The lab website might have gone quiet for a few months, but there have been plenty of lab goings on!
Megan conducted her first lab experiments to understand transmission of ciliates responsible for black gill disease in commercial shrimp. We’re waiting with baited breath to find out if these panned out.
Cali, Izzy and Megan all did excellent jobs presenting their research ideas at the 2019 Ecology Graduate Student Symposium, with Cali’s ibis talk getting second place overall – congratulations to you all!
Claire and Richard were co-authors on two recently published studies. The first, led by Cecilia Sánchez and published in Ecology Letters, is a meta-analysis exploring associations between body condition and infection. The second, led by Dan Becker and published in Interface, provides a roadmap for understanding transmission dynamics from sparse field data, applied to Salmonella transmission in urban-feeding White Ibis.
Nathaniel is doing a second semester of research in the lab, building models of host-parasite dynamics in seasonal food-provisioned environments. We also welcomed Zach Arnold to the lab. This semester Zach will be conducting behavioral observations of vultures at the Athens landfill.
The University of Georgia rolled out ambitious plans to improve water quality and recreational access at Lake Herrick, a beautiful green space on campus, but how will increased use by people influence the wildlife that calls it home? Following a letter detailing potential impacts on the site’s birdlife co-signed by UGA faculty, the National Audubon Society’s chapters in Athens and Atlanta, Richard worked with Ecology seniors in an Environmental Practicum class, and met incoming graduate students in the interdisciplinary GS-LEAD program, to discuss potential solutions. These meetings resulted in a report shared with the Office of Sustainability featuring recommendations and site improvements to minimize human-wildlife conflicts, including keeping some areas of the lake disturbance free, replacing perching and nesting structures used by swallows and waterbirds in the lake, and initiating discussions between the Oconee Forest Park and State Botanical Garden to develop a native planting plan around the stormwater pond.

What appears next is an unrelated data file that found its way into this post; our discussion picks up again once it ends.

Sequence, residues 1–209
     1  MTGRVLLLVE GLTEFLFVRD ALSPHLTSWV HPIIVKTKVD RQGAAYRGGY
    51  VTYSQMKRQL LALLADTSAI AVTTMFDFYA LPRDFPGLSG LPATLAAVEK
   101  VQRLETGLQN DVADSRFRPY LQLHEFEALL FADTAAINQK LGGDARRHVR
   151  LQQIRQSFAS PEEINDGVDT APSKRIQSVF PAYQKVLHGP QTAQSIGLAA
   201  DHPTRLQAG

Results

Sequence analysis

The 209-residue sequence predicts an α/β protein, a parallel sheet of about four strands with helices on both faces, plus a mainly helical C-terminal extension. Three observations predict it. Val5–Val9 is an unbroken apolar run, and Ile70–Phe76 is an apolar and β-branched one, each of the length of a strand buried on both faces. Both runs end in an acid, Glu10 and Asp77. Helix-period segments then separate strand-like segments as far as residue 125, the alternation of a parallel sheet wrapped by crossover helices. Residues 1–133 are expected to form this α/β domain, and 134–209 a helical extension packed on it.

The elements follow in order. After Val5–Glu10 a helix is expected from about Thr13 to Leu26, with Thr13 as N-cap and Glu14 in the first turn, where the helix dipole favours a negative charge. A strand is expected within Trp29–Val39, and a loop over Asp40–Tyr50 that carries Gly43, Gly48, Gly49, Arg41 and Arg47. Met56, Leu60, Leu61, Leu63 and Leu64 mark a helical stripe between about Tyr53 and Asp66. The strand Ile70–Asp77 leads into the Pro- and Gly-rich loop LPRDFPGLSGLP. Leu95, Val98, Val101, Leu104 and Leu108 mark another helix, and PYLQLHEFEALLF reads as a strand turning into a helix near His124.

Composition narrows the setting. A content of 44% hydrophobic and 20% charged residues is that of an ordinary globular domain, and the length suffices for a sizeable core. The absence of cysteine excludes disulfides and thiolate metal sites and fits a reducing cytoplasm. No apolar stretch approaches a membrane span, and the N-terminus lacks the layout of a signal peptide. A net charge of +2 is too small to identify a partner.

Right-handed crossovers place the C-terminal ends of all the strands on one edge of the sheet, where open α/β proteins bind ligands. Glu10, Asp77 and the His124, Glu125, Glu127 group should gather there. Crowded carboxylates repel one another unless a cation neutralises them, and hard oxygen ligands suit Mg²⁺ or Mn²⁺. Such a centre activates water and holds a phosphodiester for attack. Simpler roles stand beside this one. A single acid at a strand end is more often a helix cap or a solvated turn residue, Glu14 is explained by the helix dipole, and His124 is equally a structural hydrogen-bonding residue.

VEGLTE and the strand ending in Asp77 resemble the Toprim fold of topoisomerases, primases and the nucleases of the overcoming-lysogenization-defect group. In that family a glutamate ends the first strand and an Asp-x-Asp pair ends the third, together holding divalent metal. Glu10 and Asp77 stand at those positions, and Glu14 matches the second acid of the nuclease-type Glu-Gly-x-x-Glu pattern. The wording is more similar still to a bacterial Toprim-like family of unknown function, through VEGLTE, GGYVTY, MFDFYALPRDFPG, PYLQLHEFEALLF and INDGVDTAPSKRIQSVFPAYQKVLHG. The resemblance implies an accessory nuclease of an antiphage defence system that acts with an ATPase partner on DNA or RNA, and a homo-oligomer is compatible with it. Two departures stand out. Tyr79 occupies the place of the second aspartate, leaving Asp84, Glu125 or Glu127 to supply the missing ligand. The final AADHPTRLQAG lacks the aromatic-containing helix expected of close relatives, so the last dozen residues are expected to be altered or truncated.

Human activities such as farming, refuse disposal and backyard bird feeding provide reliable sources of food for wildlife, which in turn can create conditions conducive to local parasite transmission. A new paper, just published in The American Naturalist, uses mathematical models to understand how food provisioning influences dispersal of wildlife hosts and their pathogens across the landscape. In general, more food-provisioned patches means more infected sub-populations; however, if provisioned patches produce fewer dispersers (e.g. if easy access to food promotes site fidelity), widespread provisioning across the landscape can reduce infection spread. This work, led by former UGA PhD student Dan Becker, resulted from Celine Snedden’s summer research project in the Population Biology of Infectious Diseases REU, and was co-authored by Richard Hall and Sonia Altizer.
We’re delighted to welcome some new faces to the Hall Lab. Two new graduate students, Izzy Ragonese and Megan Tomamichel, join existing grad students Cali Wilson and Claire Teitelbaum, to work on cross-scale problems in infectious disease ecology. Rising sophomore Nathaniel Haulk is pursuing undergraduate research in the lab. Welcome and best of luck with the new semester!
Lab members Claire Teitelbaum and Richard Hall presented research at the Ecological Society of America 2018 meeting in New Orleans. Claire presented her study of linkages between animal movement and infection in the ungulates, which was recently published in Proceedings B. Richard presented some preliminary new work modeling the coupled dynamics of wildlife feeding and infection. Additionally, collaborator Ania Majewska presented her findings of drivers of high infection prevalence in sedentary monarchs, and we had our first PI meeting (and accompanying field trip) on our new project investigating the drivers and consequences of migration loss in monarchs. It was a pleasure to run into many old friends and colleagues, including Hall lab alumna Javiera Rudolph, who did her undergraduate research at UGA in 2013 and is now close to completing her dissertation at the university of Florida!
Congratulations to Chastity Ward for successfully completing her summer research in UGA’s Population Biology of Infectious Diseases REU. Chastity conducted observations of monarchs visiting their milkweed host plants in outdoor flight cages to
quantify environmental transmission rates of their protozoan parasite OE. Excitingly, she discovered substantial variation among monarchs in their visitation rates, which may point to the existence of superspreader individuals. As well as presenting her research at the UGA REU symposium, Chastity will present at an upcoming biomedical research conference, and her ambitious summer project has spawned a follow-up experiment! We’ll miss having her around!